He is a director of some talent. He shoots films beautifully, (he's his own director of photography, not many save for Robert Rodriguez can say that) gets solid performances out of actors, tells a story well, and builds great action and suspense scenes....and damn, if he hasn't put together some snappy fight sequences. "TimeCop" and the Hong Kong theatrics of "The Musketeer" are prove positive of that.  (Now, "Sudden Death" has a battle royale in a kitchen between Jean Claude Van Damme and a giant Pittsburgh Penguin with some dead serious John Debney music behind it, that I hope was going for chuckles, because I don't want to associate Peter Hyams with unintentional laughter.)

Now, the reason for all this Peter Hyams related Hem & Haw is that I looked him back up recently after my wife and I were watching a second hand copy of his film "The Relic", which I had no clue he directed.  Damn my eyes.  My lovely inomorata and I enjoyed the hell out of "The Relic", that underrated little sci-fi/horror opus.  Surely, underrated is a word that can be tacked onto Mr. Hyams himself. His films are always better than critics give them credit for. They seem to fit neatly into the category of movies that are often only appreciated a few years after the fact. Now, unfortunate lackluster box office numbers may have something to do with the lack of familiarity of many of his movies, but he has had his share of successes. You don't direct for 30 plus  years in Hollywood if you pile one failure on top of the other.

He's had hits.  "Telefon", "Capricorn One", "2010", "Running Scared", "The Presidio", and "Narrow Margin", working with legends like Bronson, Connery (twice), Billy Crystal, Gene Hackman, Michael Douglas, Harrison Ford, Arnold Schwarzenegger, and of course, um, er....James Brolin and Jean Claude Van Damme.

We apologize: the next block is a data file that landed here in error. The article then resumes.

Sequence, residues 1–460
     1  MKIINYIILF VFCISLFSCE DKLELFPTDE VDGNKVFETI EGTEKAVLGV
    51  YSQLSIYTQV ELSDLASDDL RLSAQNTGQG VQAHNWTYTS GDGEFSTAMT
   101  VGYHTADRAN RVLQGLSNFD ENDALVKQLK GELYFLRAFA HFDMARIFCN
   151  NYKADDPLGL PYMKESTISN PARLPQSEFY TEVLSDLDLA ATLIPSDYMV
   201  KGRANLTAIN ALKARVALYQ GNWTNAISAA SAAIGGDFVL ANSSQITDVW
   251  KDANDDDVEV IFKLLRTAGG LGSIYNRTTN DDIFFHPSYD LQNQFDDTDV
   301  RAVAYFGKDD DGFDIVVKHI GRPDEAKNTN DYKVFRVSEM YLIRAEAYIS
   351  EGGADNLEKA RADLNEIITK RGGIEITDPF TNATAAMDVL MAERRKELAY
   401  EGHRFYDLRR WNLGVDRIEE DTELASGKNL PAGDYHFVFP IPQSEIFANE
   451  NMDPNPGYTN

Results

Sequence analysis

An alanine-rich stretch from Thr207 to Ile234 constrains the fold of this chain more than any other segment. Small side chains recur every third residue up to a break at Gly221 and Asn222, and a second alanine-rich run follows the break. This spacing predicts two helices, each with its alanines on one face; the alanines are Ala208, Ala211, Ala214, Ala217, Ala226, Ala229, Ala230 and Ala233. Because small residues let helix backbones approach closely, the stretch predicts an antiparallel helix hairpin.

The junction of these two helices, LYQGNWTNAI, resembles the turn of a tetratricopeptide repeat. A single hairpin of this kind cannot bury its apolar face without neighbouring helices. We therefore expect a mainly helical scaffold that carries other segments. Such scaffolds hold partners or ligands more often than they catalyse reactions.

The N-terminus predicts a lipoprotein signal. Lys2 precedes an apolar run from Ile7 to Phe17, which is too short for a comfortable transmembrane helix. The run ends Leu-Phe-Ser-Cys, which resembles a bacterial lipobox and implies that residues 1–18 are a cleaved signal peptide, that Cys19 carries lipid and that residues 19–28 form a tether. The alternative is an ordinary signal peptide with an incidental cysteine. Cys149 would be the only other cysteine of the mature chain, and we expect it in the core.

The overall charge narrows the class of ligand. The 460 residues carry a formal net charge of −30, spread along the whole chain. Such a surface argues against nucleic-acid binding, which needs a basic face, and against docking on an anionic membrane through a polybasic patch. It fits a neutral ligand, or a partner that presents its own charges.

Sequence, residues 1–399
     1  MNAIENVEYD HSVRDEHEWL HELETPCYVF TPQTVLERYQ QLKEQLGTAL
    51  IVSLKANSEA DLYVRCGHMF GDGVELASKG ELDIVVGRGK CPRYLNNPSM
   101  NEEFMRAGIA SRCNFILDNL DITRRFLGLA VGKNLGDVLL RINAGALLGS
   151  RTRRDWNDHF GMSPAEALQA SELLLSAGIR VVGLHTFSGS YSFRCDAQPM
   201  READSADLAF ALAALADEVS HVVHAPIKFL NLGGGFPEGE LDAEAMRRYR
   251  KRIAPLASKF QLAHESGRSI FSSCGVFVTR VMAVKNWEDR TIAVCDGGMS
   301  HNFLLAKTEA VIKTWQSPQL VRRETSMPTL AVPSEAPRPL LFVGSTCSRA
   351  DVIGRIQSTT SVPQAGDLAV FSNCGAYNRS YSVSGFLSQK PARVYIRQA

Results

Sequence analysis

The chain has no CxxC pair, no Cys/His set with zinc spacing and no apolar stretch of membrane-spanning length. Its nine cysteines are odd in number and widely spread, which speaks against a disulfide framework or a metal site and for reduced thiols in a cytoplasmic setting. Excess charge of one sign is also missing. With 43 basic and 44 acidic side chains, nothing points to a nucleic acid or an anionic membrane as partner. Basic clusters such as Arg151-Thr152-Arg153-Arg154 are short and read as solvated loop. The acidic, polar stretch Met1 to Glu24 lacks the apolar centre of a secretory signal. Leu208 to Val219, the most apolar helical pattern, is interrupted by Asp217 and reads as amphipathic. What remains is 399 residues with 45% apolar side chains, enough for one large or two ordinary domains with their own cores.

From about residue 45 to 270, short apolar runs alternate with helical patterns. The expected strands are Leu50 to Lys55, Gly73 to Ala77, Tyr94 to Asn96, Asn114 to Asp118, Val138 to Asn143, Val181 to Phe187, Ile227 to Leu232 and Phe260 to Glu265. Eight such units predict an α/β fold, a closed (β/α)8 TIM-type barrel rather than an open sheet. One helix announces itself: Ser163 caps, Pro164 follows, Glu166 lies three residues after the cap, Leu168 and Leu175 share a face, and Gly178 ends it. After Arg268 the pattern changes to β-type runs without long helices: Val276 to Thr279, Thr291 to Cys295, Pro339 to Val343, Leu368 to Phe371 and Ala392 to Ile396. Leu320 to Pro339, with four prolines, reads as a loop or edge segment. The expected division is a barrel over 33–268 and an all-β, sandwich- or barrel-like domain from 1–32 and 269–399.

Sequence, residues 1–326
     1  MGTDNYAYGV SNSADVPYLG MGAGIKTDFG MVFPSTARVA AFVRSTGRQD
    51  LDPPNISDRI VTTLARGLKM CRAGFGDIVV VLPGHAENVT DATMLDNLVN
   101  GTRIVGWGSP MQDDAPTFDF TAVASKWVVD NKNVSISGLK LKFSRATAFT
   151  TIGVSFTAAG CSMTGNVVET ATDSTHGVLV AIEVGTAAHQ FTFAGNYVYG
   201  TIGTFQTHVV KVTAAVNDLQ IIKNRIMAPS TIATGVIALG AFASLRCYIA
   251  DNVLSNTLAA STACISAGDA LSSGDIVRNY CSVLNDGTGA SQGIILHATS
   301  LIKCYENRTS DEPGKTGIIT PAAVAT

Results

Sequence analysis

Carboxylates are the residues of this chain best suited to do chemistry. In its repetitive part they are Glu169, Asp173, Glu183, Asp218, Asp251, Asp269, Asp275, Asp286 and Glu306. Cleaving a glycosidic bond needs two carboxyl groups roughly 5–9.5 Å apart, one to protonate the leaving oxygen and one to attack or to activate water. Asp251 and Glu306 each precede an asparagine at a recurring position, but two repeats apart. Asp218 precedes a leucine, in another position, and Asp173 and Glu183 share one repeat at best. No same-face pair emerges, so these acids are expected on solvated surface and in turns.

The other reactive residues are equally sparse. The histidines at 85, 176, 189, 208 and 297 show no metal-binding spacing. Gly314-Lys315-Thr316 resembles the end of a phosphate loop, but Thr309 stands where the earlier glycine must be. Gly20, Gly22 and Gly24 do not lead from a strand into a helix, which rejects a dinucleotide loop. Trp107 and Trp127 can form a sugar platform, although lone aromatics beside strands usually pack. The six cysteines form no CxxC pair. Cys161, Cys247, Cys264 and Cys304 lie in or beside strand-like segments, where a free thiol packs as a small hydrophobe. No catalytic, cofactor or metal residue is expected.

His films look great. They really do, and he surprises, because he can't be genre pinned. He seems as comfortable with sci-fi (TimeCop, 2010, Outland) as he is with action (End of Days, Telefon, The Musketeer, Sudden Death), and even drama (Hanover Street, Narrow Margin, Beyond a Reasonable Doubt). That sets him apart into a class with folks like Rob Reiner, whom I adore,  and John Landis, whom I still can't figure out. You thought I was gonna say Spielberg, didn't you?  Let's not get nuts here.

 As he's approaching his 70th birthday, he's still busy spinning about. Although his second partnering with Michael Douglas, "Reasonable Doubt" failed, he soldiers on. He moonlights as cinematographer on his son John's films, and he has his third pairing with Van Damme coming soon, "Enemies Closer" with Tom Everett Scott and Orlando Jones. Before you ballyhoo that, take a look at Van Damme's recent's not totally embarrassing fare the likes of Wesley Snipes, Dolph Lundgren, or (snicker, giggle) Steven Seagal. Unlike those 3, there's respectable material there.

Don't think Peter Hyams done just yet. No, he's never had that mega-box office smash, but his films aren't outright failures either, are memorable, and seem to age well for the most part.  Yes, underrated, as well as eclectic, is probably a good word to use for the New York born man of many tastes, as he's a gifted musician, a painter with works on display, and a former documentarian that has spent time as a CBS news anchor.

With a resume like that, I think the last thing to do is count Peter Hyams out.